Neville was born in Madrid but lived in Hollywood in the 1930s, in the period of the dubbed Spanish versions of the studios' English-language films. He wrote dialogue for MGM's Spanish language films, and won acclaim for his script adapted from George Hill's The Big House (1930) known in Spanish as El Presidio. In Hollywood he became a close friend of Charles Chaplin, Douglas Fairbanks and Mary Pickford. The films he directed in the 1940s and 1950s mixed realism and romanticism, but did not perform particularly well at the box-office.. He married Angeles Rubio Arguelles y Alessandri. Their son, Raphael Neville, Count of Berlanga de Duero (Aug. 1926 - Dec. 1996) was a painter who in 1958, created a seaside resort in North Eastern Sardinia called Porto Rafael (also known as Porto Rafael), where his birthday is still celebrated every year on August 11. On his return to Spain, Neville directed the aforementioned La Señorita de Trevélez, and it was hailed one of the best films of its time. During the Spanish Civil War, Neville made a few short propaganda films for the Nationalists; he also made a trio of movies in Rome.
His father was Edward Neville Riddlesdale, an English engineer who was director of his family's engine company in Spain (Julius G. Neville & Co, Liverpool, later the Anglo-Spanish Motor Company). His mother was Mary Romrée Y Palacios, daughter of Count and Countess de Berlanga de Duero, a title he would later inherit.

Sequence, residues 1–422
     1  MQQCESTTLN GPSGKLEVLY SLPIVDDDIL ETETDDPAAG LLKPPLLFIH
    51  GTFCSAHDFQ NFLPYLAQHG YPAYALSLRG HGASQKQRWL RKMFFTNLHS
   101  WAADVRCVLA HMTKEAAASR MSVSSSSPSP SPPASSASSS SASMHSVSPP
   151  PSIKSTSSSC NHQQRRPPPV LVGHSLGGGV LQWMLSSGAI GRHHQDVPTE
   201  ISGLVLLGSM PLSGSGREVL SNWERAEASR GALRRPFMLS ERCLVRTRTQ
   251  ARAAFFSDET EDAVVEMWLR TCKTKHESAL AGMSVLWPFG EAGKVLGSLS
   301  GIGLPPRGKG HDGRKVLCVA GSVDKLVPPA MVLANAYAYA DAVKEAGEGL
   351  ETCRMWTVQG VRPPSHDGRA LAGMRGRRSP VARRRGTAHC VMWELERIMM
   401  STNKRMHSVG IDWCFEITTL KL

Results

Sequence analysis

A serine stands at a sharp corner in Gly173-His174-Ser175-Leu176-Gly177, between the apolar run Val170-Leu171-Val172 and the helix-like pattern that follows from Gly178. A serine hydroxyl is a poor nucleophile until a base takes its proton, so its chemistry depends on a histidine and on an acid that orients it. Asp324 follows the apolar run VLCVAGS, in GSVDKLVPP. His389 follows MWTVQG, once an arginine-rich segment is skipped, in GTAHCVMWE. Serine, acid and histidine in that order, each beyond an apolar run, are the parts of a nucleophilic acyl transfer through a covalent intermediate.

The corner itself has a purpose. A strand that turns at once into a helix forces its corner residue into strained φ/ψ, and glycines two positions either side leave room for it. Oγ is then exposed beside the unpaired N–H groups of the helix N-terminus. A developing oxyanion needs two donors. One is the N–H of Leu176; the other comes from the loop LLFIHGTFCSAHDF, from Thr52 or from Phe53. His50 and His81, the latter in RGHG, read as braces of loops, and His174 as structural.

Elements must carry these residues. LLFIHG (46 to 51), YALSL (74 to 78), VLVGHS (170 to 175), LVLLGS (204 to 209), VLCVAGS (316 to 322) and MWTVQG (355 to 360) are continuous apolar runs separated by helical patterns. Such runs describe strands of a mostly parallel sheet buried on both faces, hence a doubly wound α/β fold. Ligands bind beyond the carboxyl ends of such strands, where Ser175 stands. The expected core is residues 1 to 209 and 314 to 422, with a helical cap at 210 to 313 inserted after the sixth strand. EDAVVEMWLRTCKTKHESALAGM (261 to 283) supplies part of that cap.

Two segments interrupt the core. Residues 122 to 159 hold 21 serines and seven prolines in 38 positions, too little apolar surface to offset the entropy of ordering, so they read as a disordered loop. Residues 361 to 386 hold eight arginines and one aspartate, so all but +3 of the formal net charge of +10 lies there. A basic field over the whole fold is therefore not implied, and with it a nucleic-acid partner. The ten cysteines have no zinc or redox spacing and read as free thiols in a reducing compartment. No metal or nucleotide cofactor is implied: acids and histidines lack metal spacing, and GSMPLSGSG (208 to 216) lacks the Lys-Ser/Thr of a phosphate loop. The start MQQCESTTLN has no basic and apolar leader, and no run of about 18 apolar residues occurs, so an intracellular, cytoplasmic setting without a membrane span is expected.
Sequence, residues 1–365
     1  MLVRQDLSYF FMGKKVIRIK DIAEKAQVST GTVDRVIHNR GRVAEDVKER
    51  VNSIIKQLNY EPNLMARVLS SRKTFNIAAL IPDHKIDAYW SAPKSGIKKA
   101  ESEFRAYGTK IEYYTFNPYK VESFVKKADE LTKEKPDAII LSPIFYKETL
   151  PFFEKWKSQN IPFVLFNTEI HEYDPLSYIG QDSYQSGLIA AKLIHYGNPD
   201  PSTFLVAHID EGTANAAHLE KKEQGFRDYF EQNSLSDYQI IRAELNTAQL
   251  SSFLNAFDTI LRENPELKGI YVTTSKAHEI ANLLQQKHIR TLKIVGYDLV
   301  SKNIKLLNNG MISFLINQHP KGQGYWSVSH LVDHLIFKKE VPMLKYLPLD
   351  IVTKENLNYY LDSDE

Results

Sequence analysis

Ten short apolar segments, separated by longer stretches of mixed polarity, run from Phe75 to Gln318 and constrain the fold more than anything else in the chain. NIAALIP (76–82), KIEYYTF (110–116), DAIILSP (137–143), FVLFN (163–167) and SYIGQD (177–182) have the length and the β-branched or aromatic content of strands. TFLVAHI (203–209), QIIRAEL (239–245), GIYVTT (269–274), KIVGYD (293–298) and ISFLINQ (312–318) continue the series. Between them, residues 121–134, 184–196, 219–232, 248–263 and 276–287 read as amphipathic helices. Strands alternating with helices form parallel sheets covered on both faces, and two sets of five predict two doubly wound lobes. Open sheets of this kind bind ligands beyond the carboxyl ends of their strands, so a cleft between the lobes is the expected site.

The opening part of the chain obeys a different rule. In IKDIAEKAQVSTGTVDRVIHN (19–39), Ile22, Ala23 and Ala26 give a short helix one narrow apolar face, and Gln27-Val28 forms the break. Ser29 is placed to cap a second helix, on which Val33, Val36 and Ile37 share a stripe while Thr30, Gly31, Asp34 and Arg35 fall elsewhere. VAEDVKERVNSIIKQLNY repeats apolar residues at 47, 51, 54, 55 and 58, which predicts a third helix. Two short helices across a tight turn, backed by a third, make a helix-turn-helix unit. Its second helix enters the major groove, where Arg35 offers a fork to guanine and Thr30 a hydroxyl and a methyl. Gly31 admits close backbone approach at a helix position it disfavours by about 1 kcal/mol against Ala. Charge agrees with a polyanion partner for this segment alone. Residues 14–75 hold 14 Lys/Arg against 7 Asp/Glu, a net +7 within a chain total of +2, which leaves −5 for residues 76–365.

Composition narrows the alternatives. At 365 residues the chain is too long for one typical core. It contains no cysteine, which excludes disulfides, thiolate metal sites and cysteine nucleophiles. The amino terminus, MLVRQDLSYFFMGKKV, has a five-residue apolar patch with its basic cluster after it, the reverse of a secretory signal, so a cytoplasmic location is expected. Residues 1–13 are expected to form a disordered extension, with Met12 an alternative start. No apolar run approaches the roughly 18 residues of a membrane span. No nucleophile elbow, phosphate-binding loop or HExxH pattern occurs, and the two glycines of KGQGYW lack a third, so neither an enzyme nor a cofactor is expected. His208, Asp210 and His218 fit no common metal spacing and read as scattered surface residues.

María Luisa Burguera Nadal, Edgar Neville: entre el humorismo y la poesía, Servicio de Publicaciones, Diputación Provincial, Málaga, 1994.
María Luisa Burguera Nadal, Edgar Neville. Entre el humor y la nostalgia. Institució Alfons el Magnànim, Valencia, 1999.
Felix Monguilot Benzal, Volver al frente: reconstrucción de la película Frente de Madrid (1939) de Edgar Neville, in Juan A. Ríos Carratalá (Ed.), “Universo Neville”, Instituto Municipal del libro, Málaga, 2007, pp. 145 – 166.
Julio Pérez Perucha, El cinema de Edgar Neville, 27 Semana Internacional de Cine, Valladolid, 1982.